Michael Jackson's 'monster' ambition

The music video Thriller was made because Michael Jackson wanted to be a monster, director John Landis says at the Venice Film Festival.
Singer Michael Jackson in the music video for Thriller.
Singer Michael Jackson in the music video for Thriller.PHOTO: SCREENGRAB FROM YOUTUBE

VENICE • One of popular music's most influential videos, Thriller, was not the product of a brilliant idea, but was made because pop star Michael Jackson wanted to be a monster, director John Landis said at the Venice Film Festival on Monday.

Landis was in Venice to present his new 3D version of the 1983 video. The 14-minute video was screened at a special event in the out-of-competition section.

Thriller "was nobody's good idea, it was no brilliant business plan", Landis told journalists. "It was a vanity video because Michael wanted to be a monster. And everything that came, evolved from that, was spectacularly successful and I was totally surprised."

He said the late Jackson first approached him about making the video because he liked his work on An American Werewolf In London (1981) and the two, along with make-up artist Rick Baker, met to look at photographs from old monster movies.

The star told the director he wanted to go through the same kind of transformation, from man to four-legged wolf-creature, in the video.

But "we realised it wasn't going to work - if Michael was going to dance, it would be a hell of a lot easier for his monster to have two legs instead of four", Landis said.

As a result, the monster sequence in the video ended up being inspired more by I Was A Teenage Werewolf (1957).

"Turns out he hasn't seen many horror films, they were too scary," Landis said, laughing.

Asked about his first meeting with Jackson, the child star turned King of Pop, Landis said he was "joyful" and "childlike" and quickly became a close family friend.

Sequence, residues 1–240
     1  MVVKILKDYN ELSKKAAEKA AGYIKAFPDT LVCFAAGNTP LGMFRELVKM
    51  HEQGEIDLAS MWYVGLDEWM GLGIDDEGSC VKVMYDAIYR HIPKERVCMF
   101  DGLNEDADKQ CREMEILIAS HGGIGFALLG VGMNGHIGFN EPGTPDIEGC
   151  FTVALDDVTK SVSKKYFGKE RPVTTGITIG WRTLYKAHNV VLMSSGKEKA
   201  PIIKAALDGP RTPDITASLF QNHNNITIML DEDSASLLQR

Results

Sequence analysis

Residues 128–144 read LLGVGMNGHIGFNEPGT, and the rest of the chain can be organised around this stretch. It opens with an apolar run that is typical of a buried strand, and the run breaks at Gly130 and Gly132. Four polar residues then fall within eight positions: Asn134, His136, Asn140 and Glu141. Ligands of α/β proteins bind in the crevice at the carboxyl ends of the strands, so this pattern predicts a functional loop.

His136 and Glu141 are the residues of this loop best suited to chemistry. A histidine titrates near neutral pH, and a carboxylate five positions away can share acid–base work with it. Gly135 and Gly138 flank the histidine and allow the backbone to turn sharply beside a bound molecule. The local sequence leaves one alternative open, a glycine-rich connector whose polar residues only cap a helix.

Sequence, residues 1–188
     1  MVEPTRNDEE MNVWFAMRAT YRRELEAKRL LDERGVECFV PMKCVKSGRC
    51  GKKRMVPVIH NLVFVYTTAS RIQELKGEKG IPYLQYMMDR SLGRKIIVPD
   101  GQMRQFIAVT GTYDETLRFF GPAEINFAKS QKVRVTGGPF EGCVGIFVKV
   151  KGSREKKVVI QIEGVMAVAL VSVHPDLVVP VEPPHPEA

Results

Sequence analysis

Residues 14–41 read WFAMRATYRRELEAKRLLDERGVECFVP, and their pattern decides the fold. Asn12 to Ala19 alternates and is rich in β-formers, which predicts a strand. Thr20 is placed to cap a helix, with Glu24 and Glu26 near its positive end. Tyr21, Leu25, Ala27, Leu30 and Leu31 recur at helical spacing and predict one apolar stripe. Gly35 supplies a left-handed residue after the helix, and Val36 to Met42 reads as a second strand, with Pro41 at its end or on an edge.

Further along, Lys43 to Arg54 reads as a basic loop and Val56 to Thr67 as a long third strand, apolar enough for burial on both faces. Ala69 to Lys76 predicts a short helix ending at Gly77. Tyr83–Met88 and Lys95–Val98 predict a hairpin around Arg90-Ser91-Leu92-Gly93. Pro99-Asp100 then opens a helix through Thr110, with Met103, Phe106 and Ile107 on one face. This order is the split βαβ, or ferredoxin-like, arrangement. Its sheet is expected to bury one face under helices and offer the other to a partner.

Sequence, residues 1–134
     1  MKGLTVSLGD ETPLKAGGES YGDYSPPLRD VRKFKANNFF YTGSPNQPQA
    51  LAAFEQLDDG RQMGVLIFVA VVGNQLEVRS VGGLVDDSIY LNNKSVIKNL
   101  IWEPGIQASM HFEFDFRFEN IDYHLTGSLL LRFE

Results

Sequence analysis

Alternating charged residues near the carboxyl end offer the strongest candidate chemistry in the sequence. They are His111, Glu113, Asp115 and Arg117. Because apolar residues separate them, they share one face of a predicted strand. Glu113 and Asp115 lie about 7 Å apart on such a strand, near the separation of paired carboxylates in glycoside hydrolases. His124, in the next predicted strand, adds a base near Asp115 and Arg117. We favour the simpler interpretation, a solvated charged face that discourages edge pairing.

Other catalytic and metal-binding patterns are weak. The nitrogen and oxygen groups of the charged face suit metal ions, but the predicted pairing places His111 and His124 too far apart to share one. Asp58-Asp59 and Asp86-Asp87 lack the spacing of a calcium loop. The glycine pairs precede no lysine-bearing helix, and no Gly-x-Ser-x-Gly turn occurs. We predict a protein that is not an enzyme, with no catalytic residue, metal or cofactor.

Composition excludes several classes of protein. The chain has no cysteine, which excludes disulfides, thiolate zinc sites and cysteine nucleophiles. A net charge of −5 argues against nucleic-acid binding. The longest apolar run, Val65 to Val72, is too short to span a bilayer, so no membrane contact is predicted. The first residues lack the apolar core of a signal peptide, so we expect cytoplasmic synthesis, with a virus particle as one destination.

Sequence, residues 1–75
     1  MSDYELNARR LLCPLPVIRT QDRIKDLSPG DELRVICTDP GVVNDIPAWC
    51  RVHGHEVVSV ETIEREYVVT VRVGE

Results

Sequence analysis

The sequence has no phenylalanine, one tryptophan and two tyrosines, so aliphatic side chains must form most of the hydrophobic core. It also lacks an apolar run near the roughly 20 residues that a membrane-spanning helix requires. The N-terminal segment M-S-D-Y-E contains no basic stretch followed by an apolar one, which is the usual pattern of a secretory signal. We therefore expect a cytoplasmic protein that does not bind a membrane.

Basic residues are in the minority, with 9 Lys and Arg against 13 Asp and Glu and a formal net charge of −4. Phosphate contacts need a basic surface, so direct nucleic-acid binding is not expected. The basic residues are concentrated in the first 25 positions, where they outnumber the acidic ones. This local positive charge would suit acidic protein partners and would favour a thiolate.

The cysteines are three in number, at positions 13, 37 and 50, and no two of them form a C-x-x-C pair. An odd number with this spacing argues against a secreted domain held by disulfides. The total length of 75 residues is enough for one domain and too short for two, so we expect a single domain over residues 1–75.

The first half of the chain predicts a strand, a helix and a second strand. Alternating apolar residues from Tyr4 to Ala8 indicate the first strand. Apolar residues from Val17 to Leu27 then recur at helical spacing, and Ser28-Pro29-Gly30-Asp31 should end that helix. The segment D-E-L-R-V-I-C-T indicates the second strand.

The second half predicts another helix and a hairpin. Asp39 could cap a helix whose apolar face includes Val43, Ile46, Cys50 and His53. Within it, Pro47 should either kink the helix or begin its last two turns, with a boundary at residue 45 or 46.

"He would come over to my place and we would stay up till 4am watching cartoons."

It was different when they met again to produce another video in 1991. "On Black Or White, I was working for Michael. It was different. We were still fine, but... he was much more guarded," Landis said. "I know it's not easy being a celeb, but to be the most famous person in the world, to have that kind of celebrity is bizarre.

"And here's someone who was already working from a young age... he never had a childhood. That's one of the reasons he was so interested in pursuing one as a grown-up."

Jackson died in 2009 at the age of 50, not long after Landis and producer George Folsey took legal action against the star over royalties and rights to the video.

A settlement was reached with Jackson's estate in 2012, and Landis said the legal issue had no impact on the shock of the singer's untimely death.

"It was a tragedy - for his children, for his friends, for the whole world," he said. "Truly great performers are rare. I was horrified and I am still upset about it."

Landis, director of films including The Blues Brothers (1980) and Coming To America (1988), said he jumped at the idea of converting Thriller into 3D. Using modern technology, he has remixed the sound, enhanced the visuals and made the 1983 recordings 3D compatible.

"When you watch it on YouTube, you don't see how it is supposed to be. Now you can see the way Michael intended it to be," he said. "My only disappointment is that he is not here to see it, because he'd love it!"


A version of this article appeared in the print edition of The Straits Times on September 06, 2017, with the headline 'Michael Jackson's 'monster' ambition'. Subscribe